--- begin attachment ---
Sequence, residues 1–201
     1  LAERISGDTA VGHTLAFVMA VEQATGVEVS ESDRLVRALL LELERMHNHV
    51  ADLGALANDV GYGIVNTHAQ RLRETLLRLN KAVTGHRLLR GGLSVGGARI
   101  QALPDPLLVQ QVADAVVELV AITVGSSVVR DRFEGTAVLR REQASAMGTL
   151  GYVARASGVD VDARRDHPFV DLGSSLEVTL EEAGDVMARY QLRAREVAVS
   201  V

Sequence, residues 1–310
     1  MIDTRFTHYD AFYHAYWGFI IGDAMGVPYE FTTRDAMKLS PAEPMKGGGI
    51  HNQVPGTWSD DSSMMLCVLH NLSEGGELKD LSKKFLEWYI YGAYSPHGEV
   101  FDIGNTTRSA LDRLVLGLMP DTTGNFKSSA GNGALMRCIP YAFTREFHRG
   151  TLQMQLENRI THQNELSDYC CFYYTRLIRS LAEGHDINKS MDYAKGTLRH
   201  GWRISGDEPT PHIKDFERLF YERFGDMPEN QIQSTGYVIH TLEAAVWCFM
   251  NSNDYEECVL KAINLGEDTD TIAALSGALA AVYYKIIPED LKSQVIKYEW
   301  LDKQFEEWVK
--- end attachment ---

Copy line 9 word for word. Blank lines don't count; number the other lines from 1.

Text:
    51  HNQVPGTWSD DSSMMLCVLH NLSEGGELKD LSKKFLEWYI YGAYSPHGEV